Copenhagen-based CPH Containers has recently embarked on a one-of-a-kind project that aims to construct innovative low-cost student homes using repurposed shipping containers. Designed by Søren Nielsen of Vandkunsten Architects, the structure calls for easy installation, and can actually be joined together to create compact student villages.
Aptly called CPH Shelter, the prototype home is built from a 40-ft (around 12-m) recycled shipping container. It features a two-storied extension, made from strengthened polycarbonate, which in turn houses a winter garden. The dwelling’s interior is composed of a fully-equipped kitchen, a bedroom, a lounge-cum-dining space and a modern bathroom with shower and toilet.
Sustainably-acquired Swedish pine covered the walls and floors, while the ceiling is clad in fire-retardant boards. The CPH Shelter is lined with large windows that allow sunlight to enter, while also facilitating natural ventilation. Shipping container architecture has been around for quite some time, and have several advantages, including easy construction as well as transportation. Speaking about the project, the spokesperson of CPH Containers said:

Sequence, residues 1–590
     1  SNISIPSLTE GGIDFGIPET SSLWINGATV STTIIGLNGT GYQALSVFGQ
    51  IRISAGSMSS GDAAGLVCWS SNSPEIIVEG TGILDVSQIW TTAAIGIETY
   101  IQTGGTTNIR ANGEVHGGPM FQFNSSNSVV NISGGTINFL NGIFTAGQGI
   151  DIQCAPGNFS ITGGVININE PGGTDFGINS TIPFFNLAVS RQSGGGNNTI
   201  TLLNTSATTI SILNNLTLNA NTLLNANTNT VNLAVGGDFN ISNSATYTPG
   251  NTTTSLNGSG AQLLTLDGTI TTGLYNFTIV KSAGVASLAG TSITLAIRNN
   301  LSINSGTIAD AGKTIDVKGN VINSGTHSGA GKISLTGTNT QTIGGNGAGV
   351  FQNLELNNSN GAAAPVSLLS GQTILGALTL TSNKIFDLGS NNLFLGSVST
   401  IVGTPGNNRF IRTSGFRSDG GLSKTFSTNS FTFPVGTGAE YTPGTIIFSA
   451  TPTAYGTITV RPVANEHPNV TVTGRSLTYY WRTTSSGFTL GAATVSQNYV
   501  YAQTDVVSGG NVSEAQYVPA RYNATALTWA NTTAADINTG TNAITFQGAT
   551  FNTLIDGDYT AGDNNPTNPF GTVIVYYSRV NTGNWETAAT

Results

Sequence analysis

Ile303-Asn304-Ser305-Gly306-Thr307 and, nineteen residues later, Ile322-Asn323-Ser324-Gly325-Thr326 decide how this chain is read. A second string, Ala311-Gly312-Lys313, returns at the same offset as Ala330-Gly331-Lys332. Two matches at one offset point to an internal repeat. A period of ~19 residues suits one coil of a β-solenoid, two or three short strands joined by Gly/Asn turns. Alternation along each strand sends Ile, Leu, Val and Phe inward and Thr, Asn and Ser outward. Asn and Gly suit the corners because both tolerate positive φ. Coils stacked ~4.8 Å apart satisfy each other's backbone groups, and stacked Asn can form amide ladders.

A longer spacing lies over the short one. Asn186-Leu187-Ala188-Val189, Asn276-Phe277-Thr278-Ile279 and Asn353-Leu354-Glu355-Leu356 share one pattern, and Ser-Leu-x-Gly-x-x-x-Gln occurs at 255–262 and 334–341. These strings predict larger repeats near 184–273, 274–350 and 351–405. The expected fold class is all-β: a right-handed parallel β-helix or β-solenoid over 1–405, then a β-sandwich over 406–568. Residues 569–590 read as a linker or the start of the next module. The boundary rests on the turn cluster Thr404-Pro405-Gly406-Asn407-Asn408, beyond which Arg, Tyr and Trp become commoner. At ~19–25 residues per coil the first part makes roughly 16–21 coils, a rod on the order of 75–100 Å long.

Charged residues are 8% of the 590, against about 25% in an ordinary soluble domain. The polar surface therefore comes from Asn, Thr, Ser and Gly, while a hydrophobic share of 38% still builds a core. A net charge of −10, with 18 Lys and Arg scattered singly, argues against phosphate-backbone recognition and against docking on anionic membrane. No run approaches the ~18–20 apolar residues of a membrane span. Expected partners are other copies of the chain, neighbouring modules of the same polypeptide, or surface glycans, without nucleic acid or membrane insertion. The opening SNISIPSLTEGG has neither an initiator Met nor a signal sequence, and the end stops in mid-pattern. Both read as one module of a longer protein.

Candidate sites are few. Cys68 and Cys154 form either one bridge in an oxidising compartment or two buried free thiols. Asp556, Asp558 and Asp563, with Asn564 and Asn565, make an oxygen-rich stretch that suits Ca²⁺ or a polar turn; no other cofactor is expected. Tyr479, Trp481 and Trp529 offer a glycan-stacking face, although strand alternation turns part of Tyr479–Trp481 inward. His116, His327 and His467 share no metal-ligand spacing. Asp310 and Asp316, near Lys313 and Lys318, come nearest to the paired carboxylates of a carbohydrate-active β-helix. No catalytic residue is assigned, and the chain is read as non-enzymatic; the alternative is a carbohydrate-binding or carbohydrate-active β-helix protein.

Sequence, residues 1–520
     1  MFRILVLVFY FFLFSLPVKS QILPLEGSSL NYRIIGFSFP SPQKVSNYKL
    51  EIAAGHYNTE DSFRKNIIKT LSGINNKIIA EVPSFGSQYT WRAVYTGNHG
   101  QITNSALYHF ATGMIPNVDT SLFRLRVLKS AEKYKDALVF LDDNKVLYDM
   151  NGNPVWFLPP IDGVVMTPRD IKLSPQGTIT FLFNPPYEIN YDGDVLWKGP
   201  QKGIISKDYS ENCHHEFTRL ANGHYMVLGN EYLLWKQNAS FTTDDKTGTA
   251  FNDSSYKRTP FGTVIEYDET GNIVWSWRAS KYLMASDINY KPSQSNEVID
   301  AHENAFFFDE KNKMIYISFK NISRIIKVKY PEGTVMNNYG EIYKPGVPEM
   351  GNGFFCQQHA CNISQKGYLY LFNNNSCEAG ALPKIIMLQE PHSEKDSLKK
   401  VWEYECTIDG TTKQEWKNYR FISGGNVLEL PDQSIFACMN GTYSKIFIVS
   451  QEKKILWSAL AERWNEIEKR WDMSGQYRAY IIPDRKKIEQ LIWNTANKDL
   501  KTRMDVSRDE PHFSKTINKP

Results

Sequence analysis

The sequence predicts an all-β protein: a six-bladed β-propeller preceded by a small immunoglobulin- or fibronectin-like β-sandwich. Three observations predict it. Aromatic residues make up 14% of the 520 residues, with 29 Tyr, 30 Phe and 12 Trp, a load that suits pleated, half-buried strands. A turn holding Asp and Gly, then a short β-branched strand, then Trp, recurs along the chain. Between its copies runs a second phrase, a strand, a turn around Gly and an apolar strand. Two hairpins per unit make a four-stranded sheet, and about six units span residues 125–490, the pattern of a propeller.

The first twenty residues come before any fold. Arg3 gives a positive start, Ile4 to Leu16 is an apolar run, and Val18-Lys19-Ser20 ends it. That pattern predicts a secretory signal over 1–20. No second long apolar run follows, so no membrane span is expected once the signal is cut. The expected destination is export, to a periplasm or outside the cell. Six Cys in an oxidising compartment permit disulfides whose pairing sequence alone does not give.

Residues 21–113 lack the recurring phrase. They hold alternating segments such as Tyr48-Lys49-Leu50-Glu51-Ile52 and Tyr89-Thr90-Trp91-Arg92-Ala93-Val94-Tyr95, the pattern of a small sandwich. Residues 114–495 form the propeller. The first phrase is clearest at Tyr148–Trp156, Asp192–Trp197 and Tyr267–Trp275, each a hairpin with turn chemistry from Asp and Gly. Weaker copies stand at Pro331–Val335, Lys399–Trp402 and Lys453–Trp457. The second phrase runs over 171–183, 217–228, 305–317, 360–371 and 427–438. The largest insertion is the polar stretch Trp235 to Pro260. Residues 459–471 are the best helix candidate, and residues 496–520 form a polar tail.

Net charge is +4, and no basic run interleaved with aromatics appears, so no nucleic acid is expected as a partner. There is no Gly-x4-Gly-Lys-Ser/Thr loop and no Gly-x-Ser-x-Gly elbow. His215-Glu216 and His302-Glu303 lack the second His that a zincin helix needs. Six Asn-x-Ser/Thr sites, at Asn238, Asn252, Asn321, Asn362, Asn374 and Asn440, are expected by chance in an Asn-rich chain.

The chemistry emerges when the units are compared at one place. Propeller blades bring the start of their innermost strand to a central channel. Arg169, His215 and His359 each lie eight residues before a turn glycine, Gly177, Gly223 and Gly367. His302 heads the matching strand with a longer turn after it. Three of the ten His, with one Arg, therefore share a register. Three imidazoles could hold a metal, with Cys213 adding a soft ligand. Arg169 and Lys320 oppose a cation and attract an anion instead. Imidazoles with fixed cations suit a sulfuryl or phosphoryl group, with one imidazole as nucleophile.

Our plan is to build 2000 student housing units before 2019. Each village will have approximately 300-400 units. We’ve been working very hard on a political level to free up empty space in Copenhagen.
In general, however, container homes are known for their lack of proper insulation. To keep the structure comfortably cool during summer and warm in winter, the archtiects have installed thick layers of wood fiber and paper-wool along the walls. Additionally, the house is equipped with an efficient heat pump and an automated ventilation system for the kitchen and the bathroom. According to the developers, the terrace garden also helps maintain indoor temperature.
The firm’s plan to construct container-based student villages has already been approved the Copenhagen municipal council, and will likely commence later this year. The architects are currently looking for volunteers to assist in the execution of the proposal. If everything goes as planned, the company will be building these student villages all across Denmark and abroad. The team added:
The price for rooms will vary. Whether it’s a commercial investor, who wants a profit margin, or a public housing company, who doesn’t need profitability. In the latter case a room will cost about US$300 a month, in the first case about $500 a month.
To know more about CPH Containers and the project, head over to the firm’s official website.